Phantom Thread is a multi dimensional film in my opinion. This 130 minutes long movie doesn’t reveal its conflict that easily. It takes time and an effort from our end to identify the crisis here and what you get at the end is a mysterious and fascinating love story. The characters in this movie aren’t really likeable as each sort of has this self centered nature somewhere. But what Paul Thomas Anderson ultimately achieves here is captivating and thus this last film of the phenomenon named Daniel Day-Lewis becomes an intense drama.
Reputed fashion designer Reynolds Woodcock is our main protagonist. Women die to wear the dresses he designs and the old man has been doing this with the help of his sister Cyril. At one point Woodcock gets to meet this girl named Alma and he immediately fell for her. Soon she became a part of his life and the diversity in their life discipline starts to create some issues. How this conflict is addressed is what this movie talking about.
Phantom Thread goes through a whole lot of emotional ups and downs. At the end of it all it is about the love between two people who are so different. The difference between them will make us wonder why they want to hold on to each other and in a dramatically unexpected way, when we are sort of giving it those dark shades, Paul Thomas Anderson throws the intense love angle of his vision at us. It is disturbing to digest in the first watch. But it took some time for me to digest the fact that this can also be a version of a romantic equation.
The fabulous Daniel Day-Lewis captures the essence of the character with ease. From the meticulousness of a designer to that compromising lover he shapes the character of Reynolds Woodcock smartly. Lesley Manville is another performer who manages to carry the role of a less expressive yet caring sister Cyril neatly. Actress Vicky Krieps whom I remember from last year’s The Young Karl Max was really impressive as this outsider Alma. That character has this adamant nature inside that innocent outlook. But she makes the romantic equation sensible with her portrayal.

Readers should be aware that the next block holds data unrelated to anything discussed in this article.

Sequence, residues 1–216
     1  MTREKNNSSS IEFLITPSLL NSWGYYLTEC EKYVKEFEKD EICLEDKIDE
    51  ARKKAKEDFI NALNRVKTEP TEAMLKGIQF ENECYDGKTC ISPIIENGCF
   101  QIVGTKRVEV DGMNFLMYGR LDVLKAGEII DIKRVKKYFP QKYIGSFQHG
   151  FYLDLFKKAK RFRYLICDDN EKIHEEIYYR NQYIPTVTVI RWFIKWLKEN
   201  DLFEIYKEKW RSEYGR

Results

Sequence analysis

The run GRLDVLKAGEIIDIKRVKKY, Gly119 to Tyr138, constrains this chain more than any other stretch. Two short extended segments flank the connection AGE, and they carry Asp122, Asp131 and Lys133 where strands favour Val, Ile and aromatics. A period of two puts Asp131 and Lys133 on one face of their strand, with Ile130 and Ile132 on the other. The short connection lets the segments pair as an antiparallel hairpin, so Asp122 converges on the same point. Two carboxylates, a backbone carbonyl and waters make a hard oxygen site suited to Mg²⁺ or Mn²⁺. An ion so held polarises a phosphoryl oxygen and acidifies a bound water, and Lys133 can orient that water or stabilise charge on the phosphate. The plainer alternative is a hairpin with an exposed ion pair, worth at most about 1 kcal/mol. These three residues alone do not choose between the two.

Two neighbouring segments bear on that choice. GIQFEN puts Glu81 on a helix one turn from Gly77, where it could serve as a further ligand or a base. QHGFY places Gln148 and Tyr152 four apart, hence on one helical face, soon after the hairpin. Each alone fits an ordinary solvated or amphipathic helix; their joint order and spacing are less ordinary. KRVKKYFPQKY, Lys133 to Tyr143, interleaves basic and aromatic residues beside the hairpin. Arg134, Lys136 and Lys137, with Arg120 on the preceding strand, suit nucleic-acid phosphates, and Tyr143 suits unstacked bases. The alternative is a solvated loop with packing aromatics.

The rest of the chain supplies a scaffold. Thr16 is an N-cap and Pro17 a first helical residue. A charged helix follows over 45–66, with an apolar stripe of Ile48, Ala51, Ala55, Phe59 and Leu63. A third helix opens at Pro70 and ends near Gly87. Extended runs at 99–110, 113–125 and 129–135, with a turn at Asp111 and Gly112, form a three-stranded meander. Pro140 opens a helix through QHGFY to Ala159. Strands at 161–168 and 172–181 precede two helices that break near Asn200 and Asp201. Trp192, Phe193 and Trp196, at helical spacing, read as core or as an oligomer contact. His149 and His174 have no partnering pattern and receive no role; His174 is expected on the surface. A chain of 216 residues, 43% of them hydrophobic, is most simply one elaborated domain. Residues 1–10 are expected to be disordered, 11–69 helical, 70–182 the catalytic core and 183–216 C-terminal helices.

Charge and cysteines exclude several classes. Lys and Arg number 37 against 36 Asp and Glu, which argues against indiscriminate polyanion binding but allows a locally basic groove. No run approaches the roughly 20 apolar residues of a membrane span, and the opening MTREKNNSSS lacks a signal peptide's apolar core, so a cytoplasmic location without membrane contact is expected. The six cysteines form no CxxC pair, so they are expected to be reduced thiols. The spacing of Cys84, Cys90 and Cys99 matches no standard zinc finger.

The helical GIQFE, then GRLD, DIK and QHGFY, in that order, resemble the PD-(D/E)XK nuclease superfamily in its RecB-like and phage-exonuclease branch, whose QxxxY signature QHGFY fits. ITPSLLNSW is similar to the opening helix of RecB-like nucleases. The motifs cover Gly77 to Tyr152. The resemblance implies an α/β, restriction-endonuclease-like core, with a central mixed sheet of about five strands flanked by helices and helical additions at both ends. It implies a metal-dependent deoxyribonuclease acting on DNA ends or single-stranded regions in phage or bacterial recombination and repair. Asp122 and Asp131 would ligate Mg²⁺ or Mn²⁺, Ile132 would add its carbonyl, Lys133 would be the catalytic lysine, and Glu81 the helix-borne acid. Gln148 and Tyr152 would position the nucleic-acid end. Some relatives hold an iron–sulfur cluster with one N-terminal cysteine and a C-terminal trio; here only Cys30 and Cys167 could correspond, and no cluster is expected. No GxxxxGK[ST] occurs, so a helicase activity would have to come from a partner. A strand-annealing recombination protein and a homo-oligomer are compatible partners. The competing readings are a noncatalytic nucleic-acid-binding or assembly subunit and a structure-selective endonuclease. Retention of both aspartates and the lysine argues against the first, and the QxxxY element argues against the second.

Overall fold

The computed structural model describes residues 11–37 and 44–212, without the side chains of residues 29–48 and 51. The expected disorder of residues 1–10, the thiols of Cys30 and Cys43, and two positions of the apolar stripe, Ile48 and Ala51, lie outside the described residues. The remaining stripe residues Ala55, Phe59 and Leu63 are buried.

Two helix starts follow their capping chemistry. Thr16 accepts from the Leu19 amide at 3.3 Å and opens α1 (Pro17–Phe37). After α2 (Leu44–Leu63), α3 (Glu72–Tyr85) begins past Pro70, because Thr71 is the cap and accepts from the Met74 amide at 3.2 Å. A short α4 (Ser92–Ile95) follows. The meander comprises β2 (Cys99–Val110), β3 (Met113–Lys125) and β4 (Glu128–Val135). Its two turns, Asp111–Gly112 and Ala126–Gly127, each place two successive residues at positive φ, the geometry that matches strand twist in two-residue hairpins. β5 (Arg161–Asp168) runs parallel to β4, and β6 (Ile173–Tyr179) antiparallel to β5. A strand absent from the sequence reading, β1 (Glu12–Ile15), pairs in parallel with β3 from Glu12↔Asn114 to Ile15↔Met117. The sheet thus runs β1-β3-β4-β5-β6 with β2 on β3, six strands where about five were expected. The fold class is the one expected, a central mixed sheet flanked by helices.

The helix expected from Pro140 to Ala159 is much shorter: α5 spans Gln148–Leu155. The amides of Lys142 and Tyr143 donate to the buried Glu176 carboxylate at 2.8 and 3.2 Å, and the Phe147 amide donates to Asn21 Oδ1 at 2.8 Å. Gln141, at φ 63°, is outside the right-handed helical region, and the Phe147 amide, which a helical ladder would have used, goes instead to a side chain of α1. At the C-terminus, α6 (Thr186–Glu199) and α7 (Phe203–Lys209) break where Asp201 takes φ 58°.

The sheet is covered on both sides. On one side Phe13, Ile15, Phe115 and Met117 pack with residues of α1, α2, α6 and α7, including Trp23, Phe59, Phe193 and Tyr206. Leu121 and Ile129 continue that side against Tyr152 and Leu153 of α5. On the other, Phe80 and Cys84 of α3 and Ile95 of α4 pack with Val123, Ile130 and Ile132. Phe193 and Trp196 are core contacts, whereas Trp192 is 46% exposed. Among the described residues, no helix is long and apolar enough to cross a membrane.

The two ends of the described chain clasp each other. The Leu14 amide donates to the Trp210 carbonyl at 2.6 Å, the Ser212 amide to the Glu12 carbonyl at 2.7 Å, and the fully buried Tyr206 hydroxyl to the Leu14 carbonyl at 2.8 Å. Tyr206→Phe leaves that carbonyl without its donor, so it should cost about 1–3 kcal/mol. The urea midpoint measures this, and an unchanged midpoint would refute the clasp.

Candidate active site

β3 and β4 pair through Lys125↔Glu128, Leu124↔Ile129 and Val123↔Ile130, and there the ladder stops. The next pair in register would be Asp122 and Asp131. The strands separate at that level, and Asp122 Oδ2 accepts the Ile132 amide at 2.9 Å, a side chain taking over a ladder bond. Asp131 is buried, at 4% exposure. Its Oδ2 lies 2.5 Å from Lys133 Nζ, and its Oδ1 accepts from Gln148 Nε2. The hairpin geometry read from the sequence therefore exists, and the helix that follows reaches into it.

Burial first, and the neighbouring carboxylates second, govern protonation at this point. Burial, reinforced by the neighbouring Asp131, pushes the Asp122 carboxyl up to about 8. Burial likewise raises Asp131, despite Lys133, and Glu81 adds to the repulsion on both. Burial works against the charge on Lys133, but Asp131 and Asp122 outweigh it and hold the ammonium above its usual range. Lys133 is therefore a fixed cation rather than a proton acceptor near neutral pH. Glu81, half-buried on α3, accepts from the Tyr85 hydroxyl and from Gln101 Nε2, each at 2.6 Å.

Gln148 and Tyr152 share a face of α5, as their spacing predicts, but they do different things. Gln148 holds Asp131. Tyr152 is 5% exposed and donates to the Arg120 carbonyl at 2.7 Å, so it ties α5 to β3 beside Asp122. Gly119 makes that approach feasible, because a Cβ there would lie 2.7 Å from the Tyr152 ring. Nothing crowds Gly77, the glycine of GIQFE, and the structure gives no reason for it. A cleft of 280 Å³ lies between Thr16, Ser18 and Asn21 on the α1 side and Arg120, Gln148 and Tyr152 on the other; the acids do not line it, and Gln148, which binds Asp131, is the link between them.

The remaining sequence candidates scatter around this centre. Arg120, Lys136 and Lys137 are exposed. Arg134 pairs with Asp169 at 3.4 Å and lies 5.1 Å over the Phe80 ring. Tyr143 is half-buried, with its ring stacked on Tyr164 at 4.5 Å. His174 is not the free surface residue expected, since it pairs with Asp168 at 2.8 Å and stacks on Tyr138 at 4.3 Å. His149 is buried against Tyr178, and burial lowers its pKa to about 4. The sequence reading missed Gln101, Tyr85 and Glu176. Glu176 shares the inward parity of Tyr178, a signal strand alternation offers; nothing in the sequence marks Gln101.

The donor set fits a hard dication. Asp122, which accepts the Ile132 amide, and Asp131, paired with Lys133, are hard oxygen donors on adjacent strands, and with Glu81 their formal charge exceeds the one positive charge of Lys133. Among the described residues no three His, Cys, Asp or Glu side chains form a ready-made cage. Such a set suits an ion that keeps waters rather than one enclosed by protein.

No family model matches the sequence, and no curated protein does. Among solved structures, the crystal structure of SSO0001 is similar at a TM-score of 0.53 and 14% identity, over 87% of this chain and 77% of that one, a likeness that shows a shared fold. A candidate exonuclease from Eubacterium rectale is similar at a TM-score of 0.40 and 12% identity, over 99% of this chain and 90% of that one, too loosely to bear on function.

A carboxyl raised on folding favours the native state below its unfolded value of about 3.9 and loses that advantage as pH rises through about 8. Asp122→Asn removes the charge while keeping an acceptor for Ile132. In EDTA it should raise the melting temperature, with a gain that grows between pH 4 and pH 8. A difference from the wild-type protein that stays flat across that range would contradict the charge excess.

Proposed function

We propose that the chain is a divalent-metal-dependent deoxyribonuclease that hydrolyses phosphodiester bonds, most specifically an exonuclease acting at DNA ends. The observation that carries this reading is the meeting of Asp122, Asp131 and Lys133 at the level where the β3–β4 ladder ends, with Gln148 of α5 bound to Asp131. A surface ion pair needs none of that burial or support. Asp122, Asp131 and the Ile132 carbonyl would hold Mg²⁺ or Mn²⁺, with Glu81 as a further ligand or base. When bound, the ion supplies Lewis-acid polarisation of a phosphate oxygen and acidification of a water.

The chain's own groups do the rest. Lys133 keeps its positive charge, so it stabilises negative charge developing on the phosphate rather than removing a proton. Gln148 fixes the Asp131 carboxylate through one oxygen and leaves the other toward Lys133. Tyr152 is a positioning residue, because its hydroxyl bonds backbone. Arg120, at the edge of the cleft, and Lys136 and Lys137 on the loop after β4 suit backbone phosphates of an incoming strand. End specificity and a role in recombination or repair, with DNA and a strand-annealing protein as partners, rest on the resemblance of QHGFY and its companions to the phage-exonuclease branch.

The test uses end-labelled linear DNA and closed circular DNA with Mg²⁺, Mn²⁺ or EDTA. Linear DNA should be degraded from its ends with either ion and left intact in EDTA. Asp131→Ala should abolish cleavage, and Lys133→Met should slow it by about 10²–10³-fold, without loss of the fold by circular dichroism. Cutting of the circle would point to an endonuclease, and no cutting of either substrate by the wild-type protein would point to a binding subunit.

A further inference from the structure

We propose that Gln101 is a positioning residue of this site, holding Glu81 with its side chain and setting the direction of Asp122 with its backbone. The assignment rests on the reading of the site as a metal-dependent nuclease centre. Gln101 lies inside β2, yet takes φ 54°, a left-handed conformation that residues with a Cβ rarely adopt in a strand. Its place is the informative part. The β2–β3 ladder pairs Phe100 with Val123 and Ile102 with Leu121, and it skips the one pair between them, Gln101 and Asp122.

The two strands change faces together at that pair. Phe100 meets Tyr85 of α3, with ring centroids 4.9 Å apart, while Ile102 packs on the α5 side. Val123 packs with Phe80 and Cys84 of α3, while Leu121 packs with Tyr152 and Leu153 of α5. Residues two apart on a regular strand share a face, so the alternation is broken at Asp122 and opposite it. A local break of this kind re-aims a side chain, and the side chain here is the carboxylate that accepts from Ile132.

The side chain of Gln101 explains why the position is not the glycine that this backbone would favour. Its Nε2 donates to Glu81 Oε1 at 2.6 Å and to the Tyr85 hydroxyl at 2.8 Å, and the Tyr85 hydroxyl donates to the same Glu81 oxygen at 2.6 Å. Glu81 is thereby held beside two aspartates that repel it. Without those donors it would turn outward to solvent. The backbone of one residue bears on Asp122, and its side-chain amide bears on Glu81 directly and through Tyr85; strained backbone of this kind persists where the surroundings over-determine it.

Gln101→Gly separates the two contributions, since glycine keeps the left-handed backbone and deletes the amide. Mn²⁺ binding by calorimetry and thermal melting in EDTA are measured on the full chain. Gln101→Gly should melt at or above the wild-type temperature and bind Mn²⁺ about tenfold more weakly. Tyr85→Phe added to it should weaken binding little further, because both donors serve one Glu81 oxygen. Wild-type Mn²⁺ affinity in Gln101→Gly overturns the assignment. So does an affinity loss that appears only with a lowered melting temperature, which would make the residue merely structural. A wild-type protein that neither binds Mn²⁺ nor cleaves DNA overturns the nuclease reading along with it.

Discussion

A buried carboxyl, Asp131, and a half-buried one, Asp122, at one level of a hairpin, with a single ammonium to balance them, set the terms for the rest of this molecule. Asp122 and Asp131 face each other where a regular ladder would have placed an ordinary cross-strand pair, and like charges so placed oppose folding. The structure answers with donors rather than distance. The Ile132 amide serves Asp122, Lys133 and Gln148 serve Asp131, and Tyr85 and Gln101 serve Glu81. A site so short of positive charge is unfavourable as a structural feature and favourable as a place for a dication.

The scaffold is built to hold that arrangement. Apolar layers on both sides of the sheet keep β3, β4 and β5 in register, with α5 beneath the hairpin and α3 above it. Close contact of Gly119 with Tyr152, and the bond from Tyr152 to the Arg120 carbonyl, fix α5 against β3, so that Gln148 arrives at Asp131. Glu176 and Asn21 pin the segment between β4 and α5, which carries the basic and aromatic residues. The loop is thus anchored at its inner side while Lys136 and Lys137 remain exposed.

This is Paul Thomas Anderson’s second film with Daniel Day-Lewis after “There Will Be Blood”. His way of composing scenes with the camera largely capturing the performance of the actor in a static frame is evident here too. He uses random camera movements only when the leading man is emotionally unsettled. Even within the slow paced narrative, he manages to create an intrigue in this content. He tricks us by adding that mystery element in the narrative and the sudden shift of that mystery towards a peculiar intense romance was surprising and that in many ways clears your queries about what Phantom Thread wants to convey. The production design and the cinematography give the movie the much needed visual signature. The background score gives more intensity to the less verbal exchange of emotions.
Phantom Thread, the last film of Daniel Day-Lewis is a mixture of skillful story telling and masterful performances. If you like watching those movies that dive in to the complex areas of human emotions, here is one movie that explores that with the help of great performances.
Phantom Thread, the last film of Daniel Day-Lewis is a mixture of skillful story telling and masterful performances.
Green: Recommended Film
Orange: Okay, Watchable, Experimental Films
Red: Not Recommended